Guest Blog: How Your Company Can Benefit From Business Waste Recycling
We all know that we need to recycle as much as we can to reduce the strain already on the environment. According to the UK government and their latest statistics, we generated 202.8 million tonnes of total waste in 2014. When a small car weighs 1 ton this seems like a staggering amount. As a business owner it’s important to take some responsibility for the waste your business produces which can seem difficult, time consuming and another thing for the to do list. It’s important that business owners see the value in recycling, not just for the planet but for the potentially cost saving benefit.
It can help reduce costs
Recycling can helps businesses save money. The cost of getting recycling waste collected is often much lower than expected and is useful to those who are putting in the work to deal with the materials. The money you can save by recycling waste from your business can add up to a significant amount over time and can help you to increase your profit margins as you’re avoiding expensive landfill costs.
For example, Marks & Spencer has been aware of this demand for some time and they introduced a £200 million “eco-plan”. They aim to stop sending waste to landfill from its stores, offices and warehouses and cut how much packaging it uses by 25%. From April to December 2007 they reduced the use of their carrier bags by 11% across their business which resulted in them giving out 37 million fewer bags. They also reduced the plastic packaging of some ready meals with a 20% weight saving.
Gives you a good rap
Aside from the obvious of saving the planet, it’s good PR for your business. Recycling is increasingly important to everyone with many consumers now seeking out companies with green credentials that they can work with. If you do your bit to help the environment, you can promote yourselves as a ‘green company’ which can help bring a rise in enquiries. Not only consumers, but other organisations will see it as a positive to be affiliated with this sort of business which could help to bring in otherwise unreachable opportunities.
One company that does this well is Pret. For over 30 years they have been donating their unsold food to the homeless and have been trying to reduce packaging waste and making more of it recyclable. Their CEO, Clive Schlee, released a statement saying the following: What if Pret stopped selling plastic water bottles? As there is between 4.8 million and 12.7 million tons of plastic ending up in the world’s oceans every year so we all know plastic bottles are a problem. So what are Pret trying to do? They’re beginning a trial in their Veggie Pret shops and all their Manchester shops by the end of October to encourage customers to refill their bottles at new filtered water stations. They will also start selling two sizes of reusable glass bottles alongside regular plastic bottles so they have a clear choice. Their aim is to understand if customers will choose to refill a bottle rather than buying a new plastic one.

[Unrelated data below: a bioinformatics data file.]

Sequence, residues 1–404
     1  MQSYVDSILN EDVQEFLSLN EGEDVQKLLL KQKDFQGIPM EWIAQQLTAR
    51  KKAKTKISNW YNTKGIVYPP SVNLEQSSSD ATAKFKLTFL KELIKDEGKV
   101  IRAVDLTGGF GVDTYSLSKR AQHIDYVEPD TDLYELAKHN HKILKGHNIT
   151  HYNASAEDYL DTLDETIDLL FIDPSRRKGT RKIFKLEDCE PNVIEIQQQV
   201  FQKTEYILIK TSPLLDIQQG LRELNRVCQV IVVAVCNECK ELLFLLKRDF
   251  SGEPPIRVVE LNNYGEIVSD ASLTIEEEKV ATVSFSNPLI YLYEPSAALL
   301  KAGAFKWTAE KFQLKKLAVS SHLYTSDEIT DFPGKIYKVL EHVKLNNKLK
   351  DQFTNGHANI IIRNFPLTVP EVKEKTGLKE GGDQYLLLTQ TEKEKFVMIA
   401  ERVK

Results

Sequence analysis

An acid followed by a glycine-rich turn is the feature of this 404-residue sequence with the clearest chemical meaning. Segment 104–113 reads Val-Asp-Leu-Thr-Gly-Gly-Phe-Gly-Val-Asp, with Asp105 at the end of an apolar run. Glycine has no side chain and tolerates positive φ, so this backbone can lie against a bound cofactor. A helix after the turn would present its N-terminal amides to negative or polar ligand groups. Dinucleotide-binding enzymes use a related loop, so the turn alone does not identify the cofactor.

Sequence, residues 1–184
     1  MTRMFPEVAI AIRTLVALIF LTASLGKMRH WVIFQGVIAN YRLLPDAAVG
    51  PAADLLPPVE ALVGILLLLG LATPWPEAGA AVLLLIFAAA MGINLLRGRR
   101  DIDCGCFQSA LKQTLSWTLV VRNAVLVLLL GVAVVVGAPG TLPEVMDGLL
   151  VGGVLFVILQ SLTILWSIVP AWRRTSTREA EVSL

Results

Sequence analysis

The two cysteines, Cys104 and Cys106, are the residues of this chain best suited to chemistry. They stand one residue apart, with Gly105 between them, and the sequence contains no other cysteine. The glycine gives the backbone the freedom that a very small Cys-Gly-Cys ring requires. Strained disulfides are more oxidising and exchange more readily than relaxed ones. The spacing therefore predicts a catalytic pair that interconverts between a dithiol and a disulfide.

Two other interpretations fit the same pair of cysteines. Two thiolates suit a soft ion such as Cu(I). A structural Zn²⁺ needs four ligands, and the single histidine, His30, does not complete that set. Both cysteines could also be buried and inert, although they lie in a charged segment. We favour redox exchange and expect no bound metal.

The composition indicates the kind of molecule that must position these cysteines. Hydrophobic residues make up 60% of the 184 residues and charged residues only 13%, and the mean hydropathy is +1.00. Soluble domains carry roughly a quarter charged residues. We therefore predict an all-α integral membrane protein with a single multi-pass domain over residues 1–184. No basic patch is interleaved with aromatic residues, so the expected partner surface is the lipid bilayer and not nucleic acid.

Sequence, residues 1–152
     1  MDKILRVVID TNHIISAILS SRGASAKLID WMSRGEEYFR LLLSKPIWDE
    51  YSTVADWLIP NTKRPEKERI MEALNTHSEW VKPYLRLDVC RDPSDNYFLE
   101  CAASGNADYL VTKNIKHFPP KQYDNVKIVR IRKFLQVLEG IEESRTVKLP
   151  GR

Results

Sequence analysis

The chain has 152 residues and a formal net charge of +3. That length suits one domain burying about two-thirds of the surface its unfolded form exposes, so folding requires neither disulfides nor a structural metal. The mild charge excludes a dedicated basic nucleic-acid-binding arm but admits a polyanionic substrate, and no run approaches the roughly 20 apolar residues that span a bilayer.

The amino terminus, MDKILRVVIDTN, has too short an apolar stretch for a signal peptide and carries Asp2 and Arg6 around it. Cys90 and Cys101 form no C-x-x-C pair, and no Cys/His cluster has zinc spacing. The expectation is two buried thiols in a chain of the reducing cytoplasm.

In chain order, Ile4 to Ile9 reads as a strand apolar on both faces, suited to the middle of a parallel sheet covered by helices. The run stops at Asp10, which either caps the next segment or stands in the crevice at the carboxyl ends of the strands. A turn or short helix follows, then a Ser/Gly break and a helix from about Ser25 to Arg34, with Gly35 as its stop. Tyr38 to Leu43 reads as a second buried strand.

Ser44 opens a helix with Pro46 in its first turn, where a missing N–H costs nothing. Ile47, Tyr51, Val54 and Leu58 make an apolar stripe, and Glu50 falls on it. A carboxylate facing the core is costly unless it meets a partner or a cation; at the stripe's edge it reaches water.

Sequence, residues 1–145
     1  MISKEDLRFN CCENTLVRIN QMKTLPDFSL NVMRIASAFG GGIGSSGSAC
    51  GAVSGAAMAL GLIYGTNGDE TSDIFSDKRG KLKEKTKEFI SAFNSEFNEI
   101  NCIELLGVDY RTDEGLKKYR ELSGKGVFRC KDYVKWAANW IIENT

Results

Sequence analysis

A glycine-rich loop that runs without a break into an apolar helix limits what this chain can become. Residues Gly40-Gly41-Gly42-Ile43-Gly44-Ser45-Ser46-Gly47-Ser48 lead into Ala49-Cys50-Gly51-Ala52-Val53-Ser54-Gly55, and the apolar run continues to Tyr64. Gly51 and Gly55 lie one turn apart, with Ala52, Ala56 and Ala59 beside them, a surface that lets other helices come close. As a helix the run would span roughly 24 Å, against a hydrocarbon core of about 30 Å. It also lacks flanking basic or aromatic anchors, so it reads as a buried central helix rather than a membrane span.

Avoid fines and legal proceedings
When it comes to getting rid of your waste properly, there are certain legal commitments that are in place to make sure everything is dealt with safely. It’s important to get rid of your waste properly to avoid potential fines that could otherwise crop up. Confidential waste, WEEE recycling and electronic waste all have regulated processes and you don’t want to be caught out by not disposing of them correctly. Hiring a professional service can take away these risks as they have highly trained staff that can specialise in dealing with your waste effectively.
Waste reduction and recycling plan
One of the main reasons that businesses can be reluctant to get so involved is that they wrongly believe it will be a difficult and time consuming process. A lot of professional services can make recycling as easy as possible, dealing with and taking away your waste so you don’t have to. A simple start is putting a basic plan in place: planning, ground rules and carrying out the plan as part of your day to day activities. When planning what you are going to do you have to look at the waste your business creates. Then develop how you will reduce this with support from your team and encourage all employees to get involved.
Laying the groundwork is a simple. You can set goals and, if you can, have a reduction and recycling coordinator in charge of making sure this all happens correctly. Decide on how much waste you want to reduce with policies in place and working out what business waste can in fact be recycled and where to recycle it. Using a local waste removal service can help make this process even easier.
Finally, educate your staff. Help inform them as much as possible and make sure you have a monitoring and evaluation process so you can help reduce as much waste as possible and everyone can understand what goes on.
Of course, using recycled products in the first place is a good start. This can include but isn’t limited to: tissue, cardboard and paperboard containers, packaging materials, motor oil, plastic carpeting, lumber, screens and downspouts, construction materials and asphalt. Refurbished items are often cheaper than buying brand new as well such as recharged laser printer cartridges, retreaded tires and used and refurbished office furniture or machinery.
Business duty of care
Finally all businesses should have a trade waste agreement with a registered waste carrier to take their refuse to a licensed site. They have a duty to ensure that waste is handled safely and within the law. Businesses must ensure that all waste is stored and disposed of responsibly by people or businesses that are authorised to do so. Records must also be kept of any waste that is transferred or received in the last two years.